By |August 28th, 2018|Categories: Featured Post|0 Comments

Big Library Read – The Ultimate Book Discussion Group

Be a part of the BIG LIBRARY READ with The Hundred Lies of Lizzie Lovett by Chelsea Sedoti. Popular girl Lizzie Lovett’s disappearance is the one fascinating mystery her town has ever had. Hawthorn immerses herself in Lizzie’s life to uncover the truth but discovers the greatest truth is within herself. Additional New Titles: In the third book in Rick Riordan's epic Norse mythology series, Magnus and his friends take a boat trip to the farthest borders of Jotunheim and Niflheim in pursuit of Asgard's greatest threat. Life preservers are mandatory for this wet, wild, and wondrous adventure. Listen to the 2017 Nobel Laureate in Literature winner's classic novel.  The Remains of the Day is a profoundly compelling portrait of the perfect English butler and of his fading, insular world in post-war England. Request the latest novel by John Green, author of The Fault in Our Stars. "It's quite rare to find someone who sees the same world you see."   Request the latest Alice Hoffman today.  While you wait, check out one of her other "always available" books from Hoopla.    

By |October 25th, 2017|Categories: Featured Post, KCPL|0 Comments

Biking in Northern Kentucky

There are many ways to explore beautiful Northern Kentucky and its surrounding areas. One of our favorite ways is to experience it on a bike! Biking groups hit the roads for a day or for weekend adventures. Families can leisurely explore hidden bike paths in our NKY parks. Bike trails sprawl across the countryside and merge into city areas which allow access to everyone making cycling a recreational sport for all! Here are some links to check out before making plans for your next biking excursion! Maybe some will peak your interest and get you back on a bike! Books: Mountain Biking in Kentucky The Red Bicycle: The Extraordinary Story of One Ordinary Bicycle Be Safe on Your Bike Tracers Life is a Wheel : Love, Death, etc., and A Bike Ride Across America The Bicycling Big Book of cycling for beginners : everything a new cyclist needs to know to gear up and start riding Bike safety : a crash course The Bike Lesson Duck On a Bike Safety: Biking Safety Local Bike Shops: Reser Bicycle Velocity Montgomery Cyclery Bike Rental: Cincy Red Bike Road Routes & Trails: Trail Link OKI Map My Ride Cincinnati USA Licking River Greenway Groups: BG Cycling Team Cycling and Fitness “Nothing compares to the simple pleasure of riding a bike.” ~ John F. Kennedy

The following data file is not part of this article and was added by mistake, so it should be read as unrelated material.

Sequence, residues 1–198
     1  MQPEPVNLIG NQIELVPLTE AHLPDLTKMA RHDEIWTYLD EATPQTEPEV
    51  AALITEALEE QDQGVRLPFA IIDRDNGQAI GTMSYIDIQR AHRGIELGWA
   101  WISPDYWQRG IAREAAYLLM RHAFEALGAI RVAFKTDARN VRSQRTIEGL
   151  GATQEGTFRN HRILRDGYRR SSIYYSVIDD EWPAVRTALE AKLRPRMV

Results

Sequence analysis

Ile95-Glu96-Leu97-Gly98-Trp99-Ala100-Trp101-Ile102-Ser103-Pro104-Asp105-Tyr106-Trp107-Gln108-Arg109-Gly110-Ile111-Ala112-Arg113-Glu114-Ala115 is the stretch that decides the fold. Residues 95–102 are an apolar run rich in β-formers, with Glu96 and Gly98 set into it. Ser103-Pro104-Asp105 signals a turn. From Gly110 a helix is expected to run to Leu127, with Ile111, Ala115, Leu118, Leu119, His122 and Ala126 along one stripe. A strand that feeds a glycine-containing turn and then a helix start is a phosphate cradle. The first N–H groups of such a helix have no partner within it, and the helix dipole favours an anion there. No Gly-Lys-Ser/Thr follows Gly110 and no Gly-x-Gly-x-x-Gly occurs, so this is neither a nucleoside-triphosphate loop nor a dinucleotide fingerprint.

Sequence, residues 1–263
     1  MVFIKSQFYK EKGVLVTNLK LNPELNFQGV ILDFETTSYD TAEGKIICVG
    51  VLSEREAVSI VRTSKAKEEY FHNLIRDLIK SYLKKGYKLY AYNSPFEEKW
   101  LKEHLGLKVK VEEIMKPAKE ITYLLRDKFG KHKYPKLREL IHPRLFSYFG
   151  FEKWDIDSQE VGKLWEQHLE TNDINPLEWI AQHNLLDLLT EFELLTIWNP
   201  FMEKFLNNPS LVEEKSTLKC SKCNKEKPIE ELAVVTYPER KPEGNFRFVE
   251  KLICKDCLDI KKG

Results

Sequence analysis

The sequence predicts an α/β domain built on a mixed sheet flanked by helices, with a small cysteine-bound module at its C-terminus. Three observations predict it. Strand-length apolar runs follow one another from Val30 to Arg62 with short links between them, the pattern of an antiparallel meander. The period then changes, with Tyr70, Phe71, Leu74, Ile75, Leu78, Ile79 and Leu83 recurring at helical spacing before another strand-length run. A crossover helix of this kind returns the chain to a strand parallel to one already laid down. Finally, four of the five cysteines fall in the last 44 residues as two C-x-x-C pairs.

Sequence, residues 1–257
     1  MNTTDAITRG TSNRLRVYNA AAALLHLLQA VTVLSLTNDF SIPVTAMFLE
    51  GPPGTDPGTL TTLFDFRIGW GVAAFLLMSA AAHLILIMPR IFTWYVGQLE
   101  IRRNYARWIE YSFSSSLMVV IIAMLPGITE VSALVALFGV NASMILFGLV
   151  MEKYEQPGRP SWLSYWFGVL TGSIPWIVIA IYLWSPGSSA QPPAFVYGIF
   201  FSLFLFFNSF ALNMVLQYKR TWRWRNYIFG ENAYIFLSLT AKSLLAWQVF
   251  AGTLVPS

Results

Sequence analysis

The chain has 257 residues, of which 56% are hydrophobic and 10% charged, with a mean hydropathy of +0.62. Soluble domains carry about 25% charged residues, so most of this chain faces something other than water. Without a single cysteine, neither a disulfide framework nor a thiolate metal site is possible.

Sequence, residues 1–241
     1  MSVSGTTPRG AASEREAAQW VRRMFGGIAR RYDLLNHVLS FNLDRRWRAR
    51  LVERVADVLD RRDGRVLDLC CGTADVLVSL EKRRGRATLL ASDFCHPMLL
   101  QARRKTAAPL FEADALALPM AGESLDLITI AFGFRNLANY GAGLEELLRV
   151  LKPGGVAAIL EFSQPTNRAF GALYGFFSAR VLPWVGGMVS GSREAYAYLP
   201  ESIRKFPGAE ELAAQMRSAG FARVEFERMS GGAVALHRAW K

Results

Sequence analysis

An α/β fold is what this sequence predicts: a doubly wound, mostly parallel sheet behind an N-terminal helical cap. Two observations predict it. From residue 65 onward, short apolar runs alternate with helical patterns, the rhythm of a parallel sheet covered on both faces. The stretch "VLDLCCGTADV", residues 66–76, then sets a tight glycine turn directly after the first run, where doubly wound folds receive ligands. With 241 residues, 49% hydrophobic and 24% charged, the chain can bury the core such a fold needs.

By |August 19th, 2015|Categories: Featured Post, KCPL|0 Comments

A Book is a Book is a Book